Trying to rest in a hospital is next to impossible. Patients crying out, buzzers buzzing, machines whirring, carts rolling, elevators dinging, doctors discussing. Even the mourning doves who held dominion over the sparrows on my windowsill were cooing incessantly.

I slip in my earbuds and cue up The Beatles “Helter Skelter” – the best and only hard rock, heavy metal song they ever recorded. No matter how shitty I may be feeling at any given moment, listening to that masterpiece makes life perfect for 4 minutes and 29 seconds.

Someone wheels in my dinner cart. Lifting the lid I see a bowl of soup, a sandwich, a beverage and a pint of Ben & Jerry’s ice cream. Not feeling hungry just yet, I go through my collection of albums trying to decide which one to play. Ah, “Revolver”. You can never go wrong with that beauty. I close my eyes and revel in the genius that is George Harrison singing “Taxman“.

I’m suddenly aware of a rush of air and find I am now outside floating uptown over the streets of Manhattan, my hospital gown flapping like laundry on the clothesline. I hear the old-fashioned car horn sound of “Ahooga” behind me and swivel round to see a flying ice cream truck being driven by none other than John Lennon. Somehow as bizarre as it all is it seems perfectly normal.

“You getting in? We don’t want to be late” John says.

“Late for what?” I ask.

For whatever comes next” John replies with a grin and I slide onto the seat beside him. “It’s very rude to be late, isn’t it?” and we zoom off.

“AHOOGA!!”

“What’s on your bucket list, me darlin’?” John asks me and I answer without hesitation “To go to Liverpool!”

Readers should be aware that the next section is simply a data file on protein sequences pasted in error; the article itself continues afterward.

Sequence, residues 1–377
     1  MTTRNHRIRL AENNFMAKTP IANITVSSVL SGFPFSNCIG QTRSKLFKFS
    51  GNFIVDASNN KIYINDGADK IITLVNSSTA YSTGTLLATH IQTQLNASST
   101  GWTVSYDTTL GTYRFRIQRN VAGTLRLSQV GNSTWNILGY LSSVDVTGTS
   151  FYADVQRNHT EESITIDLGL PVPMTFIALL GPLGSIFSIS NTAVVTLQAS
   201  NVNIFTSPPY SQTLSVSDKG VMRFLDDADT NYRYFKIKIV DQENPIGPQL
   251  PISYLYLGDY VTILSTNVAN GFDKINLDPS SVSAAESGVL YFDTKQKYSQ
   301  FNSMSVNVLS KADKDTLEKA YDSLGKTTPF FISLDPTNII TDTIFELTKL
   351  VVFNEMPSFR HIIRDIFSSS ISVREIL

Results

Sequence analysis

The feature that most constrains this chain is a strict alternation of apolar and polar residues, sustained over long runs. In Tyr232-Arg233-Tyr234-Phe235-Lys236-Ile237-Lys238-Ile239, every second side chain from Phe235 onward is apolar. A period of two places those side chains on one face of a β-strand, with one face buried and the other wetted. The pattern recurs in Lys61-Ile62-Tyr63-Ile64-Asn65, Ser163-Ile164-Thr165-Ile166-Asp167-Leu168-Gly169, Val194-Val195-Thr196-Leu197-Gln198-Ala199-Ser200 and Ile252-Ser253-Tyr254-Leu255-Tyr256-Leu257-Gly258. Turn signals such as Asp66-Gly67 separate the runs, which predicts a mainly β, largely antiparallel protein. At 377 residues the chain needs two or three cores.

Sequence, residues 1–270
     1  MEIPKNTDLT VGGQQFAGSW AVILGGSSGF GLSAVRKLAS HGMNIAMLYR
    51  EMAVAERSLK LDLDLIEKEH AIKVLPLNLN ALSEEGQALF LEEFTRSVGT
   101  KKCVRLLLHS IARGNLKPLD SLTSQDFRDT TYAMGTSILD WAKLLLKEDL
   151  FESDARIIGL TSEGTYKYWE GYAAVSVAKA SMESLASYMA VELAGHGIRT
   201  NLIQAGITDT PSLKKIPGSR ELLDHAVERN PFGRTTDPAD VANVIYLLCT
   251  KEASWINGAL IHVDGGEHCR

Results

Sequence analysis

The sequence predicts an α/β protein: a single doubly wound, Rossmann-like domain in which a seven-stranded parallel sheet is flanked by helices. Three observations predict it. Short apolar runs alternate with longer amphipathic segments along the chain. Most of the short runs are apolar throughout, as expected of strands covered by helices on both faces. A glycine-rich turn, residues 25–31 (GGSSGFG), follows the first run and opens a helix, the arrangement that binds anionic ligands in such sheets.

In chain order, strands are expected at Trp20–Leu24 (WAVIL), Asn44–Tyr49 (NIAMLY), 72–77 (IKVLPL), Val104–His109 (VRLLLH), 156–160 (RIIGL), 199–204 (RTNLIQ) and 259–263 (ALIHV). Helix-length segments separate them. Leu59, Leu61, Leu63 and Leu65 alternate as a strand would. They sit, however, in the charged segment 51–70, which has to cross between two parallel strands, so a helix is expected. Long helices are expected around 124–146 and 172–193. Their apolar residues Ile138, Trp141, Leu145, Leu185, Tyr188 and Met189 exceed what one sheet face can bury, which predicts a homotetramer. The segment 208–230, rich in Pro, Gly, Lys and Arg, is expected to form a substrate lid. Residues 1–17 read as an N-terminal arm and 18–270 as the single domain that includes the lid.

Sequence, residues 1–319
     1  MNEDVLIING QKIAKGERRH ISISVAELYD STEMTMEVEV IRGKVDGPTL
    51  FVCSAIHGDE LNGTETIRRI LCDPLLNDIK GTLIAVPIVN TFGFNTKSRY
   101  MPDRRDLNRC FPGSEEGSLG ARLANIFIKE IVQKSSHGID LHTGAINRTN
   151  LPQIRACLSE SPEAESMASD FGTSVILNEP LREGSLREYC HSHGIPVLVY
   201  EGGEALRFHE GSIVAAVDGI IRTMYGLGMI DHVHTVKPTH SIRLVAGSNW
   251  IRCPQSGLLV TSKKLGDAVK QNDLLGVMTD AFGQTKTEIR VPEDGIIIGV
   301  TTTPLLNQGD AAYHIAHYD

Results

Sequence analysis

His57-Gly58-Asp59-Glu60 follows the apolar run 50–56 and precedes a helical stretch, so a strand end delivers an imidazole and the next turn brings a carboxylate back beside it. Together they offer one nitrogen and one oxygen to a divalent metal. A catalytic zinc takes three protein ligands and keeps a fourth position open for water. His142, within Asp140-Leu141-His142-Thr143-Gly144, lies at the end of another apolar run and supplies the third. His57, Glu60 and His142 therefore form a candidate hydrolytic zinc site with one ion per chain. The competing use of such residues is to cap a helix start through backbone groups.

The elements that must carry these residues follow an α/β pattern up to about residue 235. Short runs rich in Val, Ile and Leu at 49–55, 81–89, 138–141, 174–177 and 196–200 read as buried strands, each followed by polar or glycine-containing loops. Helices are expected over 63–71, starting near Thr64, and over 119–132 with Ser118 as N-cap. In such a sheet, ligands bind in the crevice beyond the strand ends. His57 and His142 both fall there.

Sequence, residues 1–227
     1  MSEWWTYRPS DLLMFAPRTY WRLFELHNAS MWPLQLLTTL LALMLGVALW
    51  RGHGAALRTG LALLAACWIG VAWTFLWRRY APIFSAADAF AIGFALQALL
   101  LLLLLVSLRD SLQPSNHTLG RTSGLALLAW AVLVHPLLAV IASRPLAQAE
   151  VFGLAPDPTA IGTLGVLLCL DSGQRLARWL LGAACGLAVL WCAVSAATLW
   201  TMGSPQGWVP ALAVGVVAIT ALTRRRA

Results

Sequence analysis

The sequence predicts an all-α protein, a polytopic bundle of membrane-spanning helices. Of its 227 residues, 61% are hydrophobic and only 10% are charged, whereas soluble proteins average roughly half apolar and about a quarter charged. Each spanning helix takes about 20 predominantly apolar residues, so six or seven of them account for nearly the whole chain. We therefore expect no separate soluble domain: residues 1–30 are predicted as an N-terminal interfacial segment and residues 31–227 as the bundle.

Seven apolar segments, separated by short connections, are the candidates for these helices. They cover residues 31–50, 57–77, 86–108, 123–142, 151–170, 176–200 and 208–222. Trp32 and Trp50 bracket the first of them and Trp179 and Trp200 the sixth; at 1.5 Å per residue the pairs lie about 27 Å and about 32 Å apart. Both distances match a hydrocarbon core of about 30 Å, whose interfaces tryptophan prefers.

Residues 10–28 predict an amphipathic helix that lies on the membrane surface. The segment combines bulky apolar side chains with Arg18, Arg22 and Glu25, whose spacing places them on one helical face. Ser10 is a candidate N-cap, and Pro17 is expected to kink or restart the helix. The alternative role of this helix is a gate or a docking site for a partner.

“Ah, me lovely Liverpool. I won’t be going back there again, I’m afraid. Next stop: The Dakota!” John calls out and we swoosh away.

No, John. You mustn’t!” I beg him and I start to cry.

Oh, but I must! Now dry those eyes. It is what is and we can’t change that.

John turns to face me, taking my hand in his, and continues:

When Paul and I met for the first time, do you think we had any idea what tomorrow would bring? Of course not! We didn’t have a clue where we were going in our lives. We were kids still wet behind the ears! Then we met George and we three became as close as brothers, but we didn’t know that the best was yet to come. George brought Ringo into the group and look what happened. Well, you know; you were there with us at Shea! It was a phenomenon!

You can never stop tomorrow unless you stop today just like I can’t stop what’s going to happen to me. I’m scared but this is my destiny. Tomorrow will always happen and yet tomorrow never knows.”

He was silent for a moment, deep in thought, then he spoke very fervently to me looking me straight in the eyes.

Nancy, listen to what I’m going to say. Aim for the stars. Work hard, love with your whole heart, be the best person you can be but never ever forget to have fun. Time is fleeting so always eat dessert first. Got it? Good! Now, let’s be on our way.”

And as I nod in agreement I can hear the faint words “Try to realize it’s all within yourself. No one else can make you change and to see you’re really only very small and life flows within you and without you.”

And in a flash John and his flying ice cream truck were gone.